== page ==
“Indian” status

Since 1820, a series of laws had been adopted to define the role of Indigenous people in Canadian society. In the 1850s, the government passed a law to reserve 230 000 acres of Indigenous lands to protect them from colonial expansion. The government also defined what an “Indian” was. In doing so, Indigenous people became somewhat like minors, because they could not own property or vote. However, Indigenous people could emancipate themselves and become full citizens by renouncing their Indian status. What’s more, any Indigenous woman who married a white man lost her “Indian” status. In 1876, the Government of Canada passed the “Indian Act”, which upheld the laws that had been enacted before the creation of Canada.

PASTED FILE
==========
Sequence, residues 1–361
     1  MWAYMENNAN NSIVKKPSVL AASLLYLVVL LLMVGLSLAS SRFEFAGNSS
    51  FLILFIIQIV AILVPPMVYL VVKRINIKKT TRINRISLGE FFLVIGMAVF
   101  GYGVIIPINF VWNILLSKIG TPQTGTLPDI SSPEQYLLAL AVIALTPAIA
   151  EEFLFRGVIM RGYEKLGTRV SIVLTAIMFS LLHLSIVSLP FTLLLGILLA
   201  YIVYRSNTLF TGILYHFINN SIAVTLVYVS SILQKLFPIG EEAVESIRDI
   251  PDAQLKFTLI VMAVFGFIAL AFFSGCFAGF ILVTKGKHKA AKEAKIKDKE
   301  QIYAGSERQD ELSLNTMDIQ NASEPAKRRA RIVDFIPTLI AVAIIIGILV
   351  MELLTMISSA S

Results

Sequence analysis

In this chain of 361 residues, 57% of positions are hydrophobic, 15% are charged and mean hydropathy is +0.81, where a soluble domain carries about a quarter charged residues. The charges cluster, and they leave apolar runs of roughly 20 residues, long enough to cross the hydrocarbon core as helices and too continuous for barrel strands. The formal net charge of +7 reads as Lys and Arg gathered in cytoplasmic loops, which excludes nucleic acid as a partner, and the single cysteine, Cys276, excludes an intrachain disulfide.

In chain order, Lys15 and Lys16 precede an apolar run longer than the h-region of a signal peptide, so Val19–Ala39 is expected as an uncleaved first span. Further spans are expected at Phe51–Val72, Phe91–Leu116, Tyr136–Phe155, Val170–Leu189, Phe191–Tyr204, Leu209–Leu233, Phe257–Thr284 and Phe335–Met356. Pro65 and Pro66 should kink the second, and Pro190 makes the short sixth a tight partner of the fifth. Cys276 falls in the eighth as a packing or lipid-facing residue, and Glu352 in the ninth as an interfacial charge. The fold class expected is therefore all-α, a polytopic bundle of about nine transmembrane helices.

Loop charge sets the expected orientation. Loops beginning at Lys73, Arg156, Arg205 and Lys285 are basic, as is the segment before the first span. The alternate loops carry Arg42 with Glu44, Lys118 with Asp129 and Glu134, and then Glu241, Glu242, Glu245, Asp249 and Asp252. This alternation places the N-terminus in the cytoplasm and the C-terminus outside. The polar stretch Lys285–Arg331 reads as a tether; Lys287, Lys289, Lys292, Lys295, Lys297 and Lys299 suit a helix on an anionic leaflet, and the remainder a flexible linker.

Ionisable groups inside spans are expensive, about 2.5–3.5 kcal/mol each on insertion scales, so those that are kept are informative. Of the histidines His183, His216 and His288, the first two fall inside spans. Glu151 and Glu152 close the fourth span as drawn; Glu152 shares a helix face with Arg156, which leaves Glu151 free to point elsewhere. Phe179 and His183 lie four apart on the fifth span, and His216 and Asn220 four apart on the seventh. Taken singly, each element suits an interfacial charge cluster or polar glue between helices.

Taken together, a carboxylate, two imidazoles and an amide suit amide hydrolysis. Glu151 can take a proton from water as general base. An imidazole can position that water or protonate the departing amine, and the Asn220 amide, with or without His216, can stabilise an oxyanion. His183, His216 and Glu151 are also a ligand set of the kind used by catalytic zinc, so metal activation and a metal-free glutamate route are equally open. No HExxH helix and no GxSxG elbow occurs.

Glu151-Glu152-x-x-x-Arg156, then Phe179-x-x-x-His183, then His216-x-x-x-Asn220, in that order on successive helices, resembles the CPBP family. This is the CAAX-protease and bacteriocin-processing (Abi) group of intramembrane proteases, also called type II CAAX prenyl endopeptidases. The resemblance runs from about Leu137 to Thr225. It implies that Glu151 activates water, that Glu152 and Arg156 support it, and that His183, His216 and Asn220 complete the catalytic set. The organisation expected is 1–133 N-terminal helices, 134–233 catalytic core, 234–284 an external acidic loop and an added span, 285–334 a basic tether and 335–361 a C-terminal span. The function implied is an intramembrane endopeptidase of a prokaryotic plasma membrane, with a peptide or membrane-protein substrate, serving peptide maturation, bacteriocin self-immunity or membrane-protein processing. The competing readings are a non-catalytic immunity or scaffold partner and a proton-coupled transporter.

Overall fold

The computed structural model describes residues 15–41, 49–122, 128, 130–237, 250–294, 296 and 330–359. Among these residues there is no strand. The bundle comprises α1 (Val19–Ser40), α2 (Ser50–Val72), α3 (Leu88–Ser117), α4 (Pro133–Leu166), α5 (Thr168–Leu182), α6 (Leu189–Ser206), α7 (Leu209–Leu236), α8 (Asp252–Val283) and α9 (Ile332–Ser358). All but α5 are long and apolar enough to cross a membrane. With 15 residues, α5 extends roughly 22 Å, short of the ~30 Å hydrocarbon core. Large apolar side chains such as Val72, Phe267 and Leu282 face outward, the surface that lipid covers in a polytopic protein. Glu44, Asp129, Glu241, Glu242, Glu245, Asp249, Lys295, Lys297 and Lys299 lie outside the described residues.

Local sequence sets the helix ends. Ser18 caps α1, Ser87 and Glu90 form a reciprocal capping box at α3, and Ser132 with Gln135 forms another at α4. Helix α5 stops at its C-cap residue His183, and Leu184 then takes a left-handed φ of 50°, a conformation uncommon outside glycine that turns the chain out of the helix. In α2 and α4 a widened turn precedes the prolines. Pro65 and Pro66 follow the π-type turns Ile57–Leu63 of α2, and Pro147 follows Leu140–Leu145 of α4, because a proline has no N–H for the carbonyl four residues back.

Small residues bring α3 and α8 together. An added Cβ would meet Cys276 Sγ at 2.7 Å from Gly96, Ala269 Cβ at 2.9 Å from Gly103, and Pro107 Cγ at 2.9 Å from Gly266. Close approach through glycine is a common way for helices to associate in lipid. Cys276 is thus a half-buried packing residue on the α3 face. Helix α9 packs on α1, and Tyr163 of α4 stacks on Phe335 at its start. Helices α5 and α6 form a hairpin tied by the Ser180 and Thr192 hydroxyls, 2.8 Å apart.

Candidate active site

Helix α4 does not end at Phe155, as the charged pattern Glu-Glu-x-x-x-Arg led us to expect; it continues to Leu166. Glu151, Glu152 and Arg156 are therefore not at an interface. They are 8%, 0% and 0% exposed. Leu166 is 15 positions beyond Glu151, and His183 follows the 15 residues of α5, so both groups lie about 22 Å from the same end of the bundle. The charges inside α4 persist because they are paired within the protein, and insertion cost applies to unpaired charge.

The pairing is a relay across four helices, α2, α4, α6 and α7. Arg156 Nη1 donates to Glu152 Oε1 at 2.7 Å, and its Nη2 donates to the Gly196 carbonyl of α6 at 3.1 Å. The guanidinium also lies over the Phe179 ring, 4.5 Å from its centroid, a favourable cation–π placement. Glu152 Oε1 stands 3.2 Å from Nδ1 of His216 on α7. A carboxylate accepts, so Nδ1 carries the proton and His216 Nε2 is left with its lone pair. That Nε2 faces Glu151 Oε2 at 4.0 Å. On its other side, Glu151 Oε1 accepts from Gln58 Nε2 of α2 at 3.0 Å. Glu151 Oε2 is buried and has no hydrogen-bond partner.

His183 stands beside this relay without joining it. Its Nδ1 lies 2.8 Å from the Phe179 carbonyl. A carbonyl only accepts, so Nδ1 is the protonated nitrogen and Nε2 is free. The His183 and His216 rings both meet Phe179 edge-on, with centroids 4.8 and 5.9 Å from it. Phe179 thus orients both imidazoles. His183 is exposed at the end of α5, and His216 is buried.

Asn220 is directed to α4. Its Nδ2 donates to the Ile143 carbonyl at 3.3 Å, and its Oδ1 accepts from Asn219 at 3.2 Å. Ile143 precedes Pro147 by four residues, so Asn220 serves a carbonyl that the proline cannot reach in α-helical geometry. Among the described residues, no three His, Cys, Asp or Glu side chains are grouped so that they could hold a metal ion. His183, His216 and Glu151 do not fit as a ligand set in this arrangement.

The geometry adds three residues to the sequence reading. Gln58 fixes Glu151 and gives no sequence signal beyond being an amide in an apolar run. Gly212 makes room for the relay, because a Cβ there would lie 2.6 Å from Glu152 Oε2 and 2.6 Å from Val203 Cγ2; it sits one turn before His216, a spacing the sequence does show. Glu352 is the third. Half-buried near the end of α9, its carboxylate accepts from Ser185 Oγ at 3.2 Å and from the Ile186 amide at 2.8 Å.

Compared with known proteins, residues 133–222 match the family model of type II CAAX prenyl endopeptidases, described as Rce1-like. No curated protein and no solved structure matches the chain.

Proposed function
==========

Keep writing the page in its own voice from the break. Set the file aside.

Economic hardship

By 1905, it had become increasingly difficult for Indigenous people to earn a living. They were no longer able to sustain themselves solely through hunting because colonization and growing industries like hydroelectricity and pulp and paper had taken up more and more of the land. The still-nomadic communities often had to resign themselves to living on government reservations. Many communities continued to make handicrafts, which they sold in towns and in the United States.

Author: Alexandre Lanoix

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